Adelphia Communications (ADLAE) still faces titanic problems, but at least it has filled some empty deck chairs.

On Tuesday evening, the troubled cable operator announced that it had seated two new members on its board of directors, which up until last week had been controlled by the Rigas family of Coudersport, Pa.

Leonard Tow, a major shareholder who two weeks ago claimed the right to name himself and two others to the board of the troubled cable television operator, took a seat along with one of his business associates, Scott Schneider.

Following last week's resignation of four members of the Rigas family, the company's fate is now in the hands of six independent directors -- Tow, Schneider and four directors who had served alongside the Rigas family. A company spokeswoman said Tuesday that she didn't know whether a fifth member of the Rigas family -- Peter Venetis, son-in-law of founder John J. Rigas -- was still on the company's board.

The remaining board members face the overwhelming task of untangling the company's complex financial relationships with the Rigases, and finding the cash necessary for Adelphia to make its debt payments and fund operations.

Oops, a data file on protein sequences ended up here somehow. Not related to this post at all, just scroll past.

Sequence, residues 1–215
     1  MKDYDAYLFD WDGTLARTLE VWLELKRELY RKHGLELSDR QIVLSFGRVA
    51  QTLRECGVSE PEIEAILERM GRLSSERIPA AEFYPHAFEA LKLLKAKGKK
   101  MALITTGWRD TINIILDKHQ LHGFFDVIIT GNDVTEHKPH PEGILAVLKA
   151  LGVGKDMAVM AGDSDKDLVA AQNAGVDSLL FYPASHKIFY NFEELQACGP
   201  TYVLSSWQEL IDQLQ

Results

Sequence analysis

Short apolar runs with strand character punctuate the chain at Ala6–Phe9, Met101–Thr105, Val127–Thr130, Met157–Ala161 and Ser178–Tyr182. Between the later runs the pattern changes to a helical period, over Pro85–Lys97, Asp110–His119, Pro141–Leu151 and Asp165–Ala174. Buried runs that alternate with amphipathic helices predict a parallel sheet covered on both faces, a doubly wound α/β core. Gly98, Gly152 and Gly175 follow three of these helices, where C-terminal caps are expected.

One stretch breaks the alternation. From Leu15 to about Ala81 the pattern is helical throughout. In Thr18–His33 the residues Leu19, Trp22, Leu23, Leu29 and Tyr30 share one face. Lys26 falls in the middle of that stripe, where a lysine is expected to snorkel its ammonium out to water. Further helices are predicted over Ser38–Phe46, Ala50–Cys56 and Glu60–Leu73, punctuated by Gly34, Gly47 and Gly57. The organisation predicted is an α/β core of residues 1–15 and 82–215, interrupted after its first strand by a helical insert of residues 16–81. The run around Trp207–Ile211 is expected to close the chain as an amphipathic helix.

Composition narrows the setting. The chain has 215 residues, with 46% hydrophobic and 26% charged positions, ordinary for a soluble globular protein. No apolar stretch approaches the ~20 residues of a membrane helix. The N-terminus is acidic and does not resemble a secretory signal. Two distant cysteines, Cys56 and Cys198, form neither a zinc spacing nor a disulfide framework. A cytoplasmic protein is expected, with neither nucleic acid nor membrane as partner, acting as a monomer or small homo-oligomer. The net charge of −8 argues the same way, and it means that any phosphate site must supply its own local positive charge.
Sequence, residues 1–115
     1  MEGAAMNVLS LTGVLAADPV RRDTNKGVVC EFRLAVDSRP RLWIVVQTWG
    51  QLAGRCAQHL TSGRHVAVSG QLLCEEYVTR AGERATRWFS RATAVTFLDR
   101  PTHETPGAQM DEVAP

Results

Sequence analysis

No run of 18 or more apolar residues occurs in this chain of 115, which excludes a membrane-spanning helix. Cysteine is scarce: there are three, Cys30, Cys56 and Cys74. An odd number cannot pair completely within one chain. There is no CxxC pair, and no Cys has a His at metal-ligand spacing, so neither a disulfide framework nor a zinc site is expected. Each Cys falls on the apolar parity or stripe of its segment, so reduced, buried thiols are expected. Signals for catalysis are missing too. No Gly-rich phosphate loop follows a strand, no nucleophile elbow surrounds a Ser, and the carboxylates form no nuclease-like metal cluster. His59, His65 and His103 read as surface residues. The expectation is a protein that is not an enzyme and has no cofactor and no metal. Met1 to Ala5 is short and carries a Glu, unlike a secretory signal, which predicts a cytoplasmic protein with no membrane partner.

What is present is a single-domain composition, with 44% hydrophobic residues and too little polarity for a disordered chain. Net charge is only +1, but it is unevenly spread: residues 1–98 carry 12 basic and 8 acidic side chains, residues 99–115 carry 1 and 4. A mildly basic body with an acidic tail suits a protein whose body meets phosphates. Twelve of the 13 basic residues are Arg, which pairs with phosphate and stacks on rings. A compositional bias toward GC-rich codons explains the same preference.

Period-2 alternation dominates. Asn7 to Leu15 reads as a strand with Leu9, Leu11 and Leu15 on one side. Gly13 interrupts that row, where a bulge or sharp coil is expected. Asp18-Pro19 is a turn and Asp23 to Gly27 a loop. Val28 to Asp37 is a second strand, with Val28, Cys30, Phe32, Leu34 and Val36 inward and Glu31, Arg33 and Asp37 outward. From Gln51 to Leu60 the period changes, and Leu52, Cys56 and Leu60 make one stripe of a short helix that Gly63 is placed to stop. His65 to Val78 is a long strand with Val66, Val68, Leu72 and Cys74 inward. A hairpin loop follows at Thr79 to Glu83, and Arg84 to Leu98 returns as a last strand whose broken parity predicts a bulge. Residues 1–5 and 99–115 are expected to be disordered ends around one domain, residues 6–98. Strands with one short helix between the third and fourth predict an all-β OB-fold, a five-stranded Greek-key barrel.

"Scott Schneider and I are prepared to deal with the seriouschallenges facing Adelphia," said Tow in a statement Tuesday. "As the largest unaffiliated investor in Adelphia, my interests are clearly aligned with those of all Adelphia banks, bondholders and shareholders. Additionally, Scott and I have extensive experience in the cable industry and an in-depth knowledge of many of Adelphia's assets. We are committed to restoring Adelphia's credibility and stabilizing the company financially in order to protect the interests of all Adelphia's public and private lenders and shareholders."

Shares in Adelphia fell 28% to close at $2 Tuesday, the first day of trading following the Friday night release of a preliminary report detailing

an eye-popping number of related-party dealings between Adelphia and the Rigases.